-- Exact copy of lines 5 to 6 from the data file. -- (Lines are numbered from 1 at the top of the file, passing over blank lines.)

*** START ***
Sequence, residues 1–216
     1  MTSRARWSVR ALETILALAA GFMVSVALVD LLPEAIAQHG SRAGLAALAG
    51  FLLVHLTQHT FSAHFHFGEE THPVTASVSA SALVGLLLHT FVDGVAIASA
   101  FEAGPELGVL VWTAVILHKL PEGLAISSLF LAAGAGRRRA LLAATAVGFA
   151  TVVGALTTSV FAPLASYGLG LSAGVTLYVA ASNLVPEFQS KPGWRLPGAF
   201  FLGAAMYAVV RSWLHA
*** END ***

   151  TVVGALTTSV FAPLASYGLG LSAGVTLYVA ASNLVPEFQS KPGWRLPGAF
   201  FLGAAMYAVV RSWLHA